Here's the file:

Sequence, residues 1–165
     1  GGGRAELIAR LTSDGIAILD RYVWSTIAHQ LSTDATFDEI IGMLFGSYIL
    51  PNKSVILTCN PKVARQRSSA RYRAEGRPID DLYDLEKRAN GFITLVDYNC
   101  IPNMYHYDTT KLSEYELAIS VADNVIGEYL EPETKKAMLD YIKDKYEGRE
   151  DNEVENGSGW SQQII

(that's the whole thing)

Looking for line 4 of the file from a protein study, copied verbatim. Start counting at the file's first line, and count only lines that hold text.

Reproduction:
   101  IPNMYHYDTT KLSEYELAIS VADNVIGEYL EPETKKAMLD YIKDKYEGRE